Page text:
The EU’s Interrogation of Mark Zuckerberg Was a Waste of Everyone’s Time

Why did Zuckerberg even bother ?
Why did Zuckerberg even bother ?
JOHN THYS/AFP/Getty Images

Facebook CEO Mark Zuckerberg appeared before the European Union’s Conference of Presidents on Tuesday for what ended up being a fruitless hearing about the company’s many controversies over the past couple years.

Members of parliament and leaders of political groups came prepared with a bevy of tough questions that evinced an overall level of technological literacy superior to that of U.S. lawmakers, who previously interrogated Zuckerberg during a hearing in April.

Syed Kamall, chairman of the European Conservatives and Reformists Party, asked a pointed question about how people who don’t use Facebook can prevent the platform from collecting their data, referencing the debate over shadow profiles. Jan Philipp Albrecht, a member of the Greens/European Free Alliance, requested that Zuckerberg promise not to share personal user data between Facebook and its subsidiary WhatsApp. Gabriele Zimmer, a member of the European United Left/Nordic Green Left, asked Zuckerberg to explain why Facebook altered its terms of service so that 1.5 billion users would not be covered by the EU’s new General Data Protection Regulation (GDPR).

Yet, the format of the proceedings squandered this opportunity to finally pin Zuckerberg down on issues that he’d been able to evade in his U.S. hearing. Instead of giving Zuckerberg time to respond to a question right after someone had asked it, the hearing was organized so that all the members of parliament asked their questions one after another without pause. Zuckerberg then had around 20 minutes at the end to answer the dozens of questions in his closing remarks.

The format allowed Zuckerberg to talk broadly about the issues that had been raised, rather than addressing the specific nuances of each inquiry. He was largely able to ignore the more difficult questions, and instead fell back on platitudes from the numerous press releases that the company has released in the wake of the Cambridge Analytica scandal and other controversies. He even found time, on more than one occasion, to reiterate the tired tale of founding Facebook in his college dorm room.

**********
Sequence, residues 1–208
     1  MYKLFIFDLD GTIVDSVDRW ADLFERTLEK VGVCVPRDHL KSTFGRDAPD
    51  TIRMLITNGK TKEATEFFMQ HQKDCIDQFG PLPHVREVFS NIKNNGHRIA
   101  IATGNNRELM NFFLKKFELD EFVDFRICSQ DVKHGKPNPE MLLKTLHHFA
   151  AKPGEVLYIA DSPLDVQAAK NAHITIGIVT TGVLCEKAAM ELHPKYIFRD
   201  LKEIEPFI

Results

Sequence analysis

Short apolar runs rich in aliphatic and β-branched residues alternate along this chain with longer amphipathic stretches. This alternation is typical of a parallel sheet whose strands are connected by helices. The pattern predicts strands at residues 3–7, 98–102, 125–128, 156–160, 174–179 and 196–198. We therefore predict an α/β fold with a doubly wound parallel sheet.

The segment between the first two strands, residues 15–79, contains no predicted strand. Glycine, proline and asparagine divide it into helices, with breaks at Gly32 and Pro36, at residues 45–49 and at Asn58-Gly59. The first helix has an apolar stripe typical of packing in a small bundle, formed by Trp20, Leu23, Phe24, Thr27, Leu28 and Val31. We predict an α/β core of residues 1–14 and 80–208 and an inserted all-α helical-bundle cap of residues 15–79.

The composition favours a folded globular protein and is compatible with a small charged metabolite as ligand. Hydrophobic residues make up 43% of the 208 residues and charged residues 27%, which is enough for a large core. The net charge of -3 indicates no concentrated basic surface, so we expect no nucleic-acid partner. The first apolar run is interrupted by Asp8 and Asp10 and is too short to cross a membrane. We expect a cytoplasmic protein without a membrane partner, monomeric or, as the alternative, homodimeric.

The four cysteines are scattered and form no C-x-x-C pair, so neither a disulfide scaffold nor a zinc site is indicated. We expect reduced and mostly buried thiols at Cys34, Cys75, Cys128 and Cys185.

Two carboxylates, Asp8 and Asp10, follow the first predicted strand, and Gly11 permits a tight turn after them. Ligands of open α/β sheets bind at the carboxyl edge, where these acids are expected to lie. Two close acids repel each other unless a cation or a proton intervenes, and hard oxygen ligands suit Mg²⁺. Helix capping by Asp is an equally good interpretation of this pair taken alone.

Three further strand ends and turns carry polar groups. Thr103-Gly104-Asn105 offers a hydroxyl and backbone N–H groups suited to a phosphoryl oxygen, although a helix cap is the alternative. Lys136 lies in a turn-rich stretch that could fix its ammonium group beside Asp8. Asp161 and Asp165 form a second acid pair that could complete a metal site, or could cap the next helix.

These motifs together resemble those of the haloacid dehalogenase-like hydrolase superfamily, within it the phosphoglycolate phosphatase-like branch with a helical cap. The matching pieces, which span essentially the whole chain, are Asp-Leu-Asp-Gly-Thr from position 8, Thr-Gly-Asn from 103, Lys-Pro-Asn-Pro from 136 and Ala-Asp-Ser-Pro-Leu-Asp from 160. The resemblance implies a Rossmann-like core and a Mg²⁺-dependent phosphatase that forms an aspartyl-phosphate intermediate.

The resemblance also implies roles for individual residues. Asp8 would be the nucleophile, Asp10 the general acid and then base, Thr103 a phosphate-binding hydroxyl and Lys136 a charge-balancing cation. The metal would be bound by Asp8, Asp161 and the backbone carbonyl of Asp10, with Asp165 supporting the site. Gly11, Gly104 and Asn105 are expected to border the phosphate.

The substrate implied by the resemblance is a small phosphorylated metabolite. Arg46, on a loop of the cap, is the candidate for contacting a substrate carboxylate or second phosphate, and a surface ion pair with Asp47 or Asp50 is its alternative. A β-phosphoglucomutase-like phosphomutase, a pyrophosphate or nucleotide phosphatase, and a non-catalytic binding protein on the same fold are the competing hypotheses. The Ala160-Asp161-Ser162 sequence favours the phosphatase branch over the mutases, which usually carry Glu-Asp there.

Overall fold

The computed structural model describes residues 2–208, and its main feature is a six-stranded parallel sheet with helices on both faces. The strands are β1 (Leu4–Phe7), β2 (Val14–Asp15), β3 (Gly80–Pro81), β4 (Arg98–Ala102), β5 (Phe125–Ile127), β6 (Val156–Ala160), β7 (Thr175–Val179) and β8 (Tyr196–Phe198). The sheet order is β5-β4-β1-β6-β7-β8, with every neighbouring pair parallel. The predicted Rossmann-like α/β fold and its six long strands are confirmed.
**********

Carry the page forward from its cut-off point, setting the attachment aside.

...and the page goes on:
Several parliament members seemed on the verge of revolt when Zuckerberg concluded his spiel by promising to get back to them later in writing on the umpteen questions he left unanswered. Politicians began interrupting Zuckerberg when he tried to thank them for hosting him. “I asked you six yes-or-no questions. I got not a single answer,” one exclaimed. “Of course, you asked for this format for a reason.”

Two reporters in the subsequent press conference in fact asked Antonio Tajani, the president of the European Parliament responsible for setting up the meeting, about the format and whether it was he or Zuckerberg who first suggested it. Tajani claimed that he had proposed the format to the Conference of Presidents, and that no one had requested a longer hearing time. Tajani also mentioned that Zuckerberg had a flight to catch.